Sunday, 11 March 2007

Infernal Affairs

In his essay on Deep Red, Aaron Smuts proposes a Humean “principle of association” operating within the film, intensifying the visceral impact of its murder set-pieces amongst other things. By this he means the way in which Argento and his co-writer Bernardino Zapponi try to associate the film's horrors within everyday experiences that the viewer is likely to have had and then intensify or amplify them to operatic proportions.

Another type of association is found within Deep Red's own diegesis, as events and pieces of dialogue foreshadow the later murders: Marc's pseudo-Freudian interpretation of how when playing the piano he is “really” bashing bashing his father's teeth thus associate with Professor Giordani's having his teeth smashed against the fireplace by the killer; Marc's being blasted with steam by an espresso machine (“hey”) with Amanda Righetti's having her head immersed in boiling water, and so on.

It is an idea that also seems to have considerable mileage in relation to the internal logic of Inferno in particular. I am not just thinking of the way in which Sara cuts her hand on the taxi door and Rose hers on a broken doorknob prior to their murders, on the same night, one in Rome and the other in New York, but also some of the otherwise inexplicable inserts that Argento includes.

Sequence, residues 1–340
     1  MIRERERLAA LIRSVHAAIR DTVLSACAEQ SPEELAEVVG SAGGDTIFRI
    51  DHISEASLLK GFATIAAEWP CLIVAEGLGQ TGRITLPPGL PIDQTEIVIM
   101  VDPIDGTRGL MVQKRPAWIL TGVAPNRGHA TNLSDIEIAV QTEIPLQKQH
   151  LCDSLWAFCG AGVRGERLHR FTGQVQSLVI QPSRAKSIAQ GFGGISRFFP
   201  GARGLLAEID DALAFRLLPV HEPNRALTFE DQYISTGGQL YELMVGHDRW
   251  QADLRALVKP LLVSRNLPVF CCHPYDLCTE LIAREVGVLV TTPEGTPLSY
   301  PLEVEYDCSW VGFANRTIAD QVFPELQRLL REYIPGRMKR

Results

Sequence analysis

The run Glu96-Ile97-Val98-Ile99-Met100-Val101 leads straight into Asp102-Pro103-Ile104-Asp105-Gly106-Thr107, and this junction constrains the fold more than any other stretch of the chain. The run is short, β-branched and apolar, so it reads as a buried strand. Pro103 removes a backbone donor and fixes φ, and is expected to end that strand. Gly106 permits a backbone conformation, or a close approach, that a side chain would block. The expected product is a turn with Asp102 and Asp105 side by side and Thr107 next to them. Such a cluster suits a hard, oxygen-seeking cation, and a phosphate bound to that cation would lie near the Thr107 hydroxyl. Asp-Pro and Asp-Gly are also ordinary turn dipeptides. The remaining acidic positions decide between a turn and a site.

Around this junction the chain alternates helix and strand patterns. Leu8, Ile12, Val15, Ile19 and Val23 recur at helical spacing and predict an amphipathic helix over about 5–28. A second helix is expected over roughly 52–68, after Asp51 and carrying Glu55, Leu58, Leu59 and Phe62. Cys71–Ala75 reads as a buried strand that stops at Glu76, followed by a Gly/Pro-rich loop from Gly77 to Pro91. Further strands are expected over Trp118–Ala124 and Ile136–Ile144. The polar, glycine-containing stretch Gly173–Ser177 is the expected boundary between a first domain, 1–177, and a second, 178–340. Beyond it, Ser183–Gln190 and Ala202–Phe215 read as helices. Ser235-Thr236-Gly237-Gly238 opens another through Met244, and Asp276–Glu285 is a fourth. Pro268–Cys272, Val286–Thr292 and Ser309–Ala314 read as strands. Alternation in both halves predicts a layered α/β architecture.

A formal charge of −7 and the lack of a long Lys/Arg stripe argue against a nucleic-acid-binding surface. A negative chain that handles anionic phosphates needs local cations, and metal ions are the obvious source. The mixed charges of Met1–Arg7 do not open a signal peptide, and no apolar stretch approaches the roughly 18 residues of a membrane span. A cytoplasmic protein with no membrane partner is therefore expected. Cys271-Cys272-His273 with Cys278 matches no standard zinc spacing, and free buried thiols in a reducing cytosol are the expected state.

In time but not place?

New York, the very same night...

Might the perplexing shots of black-gloved hands snipping the heads off paper dolls refer to Rose's guillotining with a window pane in particular (if you look carefully a statue of Napoleon can be seen in the window of Kazanian's antique shop, among the more usual giallo/surrealist dolls; while the guillotine also appears more obviously in Trauma) and the lizard eating the butterfly to the stuffed animals that she finds in what appears to be a deserted and dilapidated version of the alchemical laboratory Sara discovers in the library in Rome?

There is no definitive answer, of course, but that is the whole point and why the film so frustrates when approached with a conventional meaning seeking and fixing mindset.

“There are more things in heaven and earth [...] than are dreamt of in your philosophy” and, indeed, to the Argento text, where "beauty will be convulsive or not at all"

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